Anywhere, Anytime: Giant Panda Guerilla Dub Squad's bold movement | Sound Stories & Interviews | Bend | The Source Weekly - Bend, Oregon
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Anywhere, Anytime: Giant Panda Guerilla Dub Squad's bold movement 

An American Band in Jamaica, part I.Taking your all-white, six-piece reggae band to Jamaica is a bold move. It certainly takes some balls. In some respects, this is akin to growing up in Norway crafting since the age of seven what you believe is an authentic and high-quality country western act, then taking your show across the Atlantic to Nashville. So, it was with a bold stride that drummer Chris O'Brian and the five other members of Rochester, New York's Giant Panda Guerilla Dub Squad arrived in the birthplace of reggae a little over a year ago.

"As a large reggae ensemble of Caucasians from upstate New York, we tried not to let ourselves get singled out for playing this music that has spread all over the world in a short amount of time. We don't take it heavy, we don't take it lightly, we just don't even take it when people come with their funny look on their face," O'Brian says rather assertively while driving on the Massachusetts Turn Pike on the way to what will be GPGDS' second festival appearance of the day.

That's correct - the sextet is playing two different music festivals in one day. But O'Brian says this isn't anything out of the ordinary for a band that is on pace to play almost 200 shows this year. In fact, GPGDS went on to play two more shows the day following their double festival blowout. Is this overkill? Perhaps. But this all stems from the same spirit that led the band down to Jamaica. These kids will play anywhere, anytime. They're like some bloodied boxer in a black-and-white-feel-good movie who will scrap it up under any conditions. And O'Brian says this play-anywhere attitude is where the "Guerilla" portion of their inordinately long band name becomes quite apt.

"We play crazy gigs voluntarily. We'll set up in the middle of a field and play with solar power on our own accord. We're totally down for stuff like that," says O'Brian of the band's propensity to set up at festivals whether invited or uninvited to delight the campgrounds.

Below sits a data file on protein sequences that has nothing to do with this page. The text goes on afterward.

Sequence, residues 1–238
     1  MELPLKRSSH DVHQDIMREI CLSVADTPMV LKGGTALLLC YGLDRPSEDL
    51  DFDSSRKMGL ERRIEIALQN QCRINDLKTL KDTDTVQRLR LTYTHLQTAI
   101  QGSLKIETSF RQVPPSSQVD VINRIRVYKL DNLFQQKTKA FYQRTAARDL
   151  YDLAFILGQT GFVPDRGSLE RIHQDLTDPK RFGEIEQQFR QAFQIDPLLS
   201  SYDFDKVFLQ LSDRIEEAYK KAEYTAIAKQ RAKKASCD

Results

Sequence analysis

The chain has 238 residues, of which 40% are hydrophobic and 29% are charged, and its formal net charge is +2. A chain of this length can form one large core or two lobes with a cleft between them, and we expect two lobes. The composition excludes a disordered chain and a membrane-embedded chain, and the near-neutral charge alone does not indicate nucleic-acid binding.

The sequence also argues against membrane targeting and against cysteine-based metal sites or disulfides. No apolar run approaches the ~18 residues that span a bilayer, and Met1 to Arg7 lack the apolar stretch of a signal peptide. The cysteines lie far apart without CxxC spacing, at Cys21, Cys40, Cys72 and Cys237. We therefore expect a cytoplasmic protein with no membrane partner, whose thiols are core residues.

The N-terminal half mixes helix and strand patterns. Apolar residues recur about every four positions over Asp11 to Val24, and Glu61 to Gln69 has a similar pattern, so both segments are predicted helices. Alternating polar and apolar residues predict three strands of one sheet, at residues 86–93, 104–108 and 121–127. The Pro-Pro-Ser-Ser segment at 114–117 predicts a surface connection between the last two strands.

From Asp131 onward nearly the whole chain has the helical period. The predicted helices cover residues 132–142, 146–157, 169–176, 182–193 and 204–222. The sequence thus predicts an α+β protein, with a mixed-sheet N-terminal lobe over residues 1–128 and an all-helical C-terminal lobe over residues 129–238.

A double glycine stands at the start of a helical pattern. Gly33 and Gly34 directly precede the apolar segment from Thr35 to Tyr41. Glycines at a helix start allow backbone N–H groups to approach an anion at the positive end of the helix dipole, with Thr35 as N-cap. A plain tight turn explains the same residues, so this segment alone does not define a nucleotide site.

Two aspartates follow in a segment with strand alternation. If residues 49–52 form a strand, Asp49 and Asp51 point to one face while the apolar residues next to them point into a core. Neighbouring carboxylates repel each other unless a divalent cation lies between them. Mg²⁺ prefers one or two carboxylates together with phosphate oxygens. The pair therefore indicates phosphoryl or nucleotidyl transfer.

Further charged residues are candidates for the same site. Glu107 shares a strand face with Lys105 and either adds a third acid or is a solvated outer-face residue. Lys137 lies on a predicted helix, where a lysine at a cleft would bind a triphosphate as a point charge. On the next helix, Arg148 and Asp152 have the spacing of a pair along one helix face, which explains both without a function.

At this summer's Mountain Jam, an up-state New York jam-intensive rock fest, GPGDS weren't relegated to an unauthorized performance in a field (although they nonetheless did set up guerilla style just for shits, giggles and presumably increased street cred and fan numbers) but rather delighted the festival with a set of their well-wrought and comfortingly honest reggae that gathered them some national press and innumerable pats on the back. With the band, which also features O'Brian's brother Matthew on guitar and vocals, having logged thousands of road miles in the past few years, it's natural that the Panda is getting increased notice and, as your eyes currently witnessing, more ink.

If you're tired of reggae or never liked it in the first place and don't want to hear about yet another Bend reggae show...that's fine. I should know, I've unsuccessfully forsaken reggae in all its forms on no less than five separate occasions. But there's something about reggae from upstate New York from relatively young musicians who DON'T insult us with cornball fake accents or shows front loaded with covers. GPGDS is earnestly creating roots reggae music without bastardizing their product with, again, fake accents, or dancehall tendencies. And let us not forget-they played in Jamaica for real Jamaicans. And that's ballsy, even if O'Brian does admit some apprehension.

"There were butterflies that's for sure," O'Brian says. "But all in all, the response from the Jamaicans was pretty good."

Giant Panda Guerilla Dub Squad: festival-tested, Jamaican-approved. What more can you ask for in your reggae?

Giant Panda Guerilla Dub Squad, Reed Thomas Lawrence
9pm doors, 10pm show. Friday, September 19. Domino Room, 51 NW Greenwood Ave. $10/advance, $12/door. Tickets at Ranch Records and
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